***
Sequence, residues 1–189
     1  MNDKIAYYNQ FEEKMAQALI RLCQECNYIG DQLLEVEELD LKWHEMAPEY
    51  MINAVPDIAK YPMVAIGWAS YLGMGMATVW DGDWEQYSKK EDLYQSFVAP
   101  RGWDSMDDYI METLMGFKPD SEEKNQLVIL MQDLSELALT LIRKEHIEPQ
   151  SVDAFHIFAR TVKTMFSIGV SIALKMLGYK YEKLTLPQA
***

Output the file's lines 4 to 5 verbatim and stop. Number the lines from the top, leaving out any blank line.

   101  RGWDSMDDYI METLMGFKPD SEEKNQLVIL MQDLSELALT LIRKEHIEPQ
   151  SVDAFHIFAR TVKTMFSIGV SIALKMLGYK YEKLTLPQA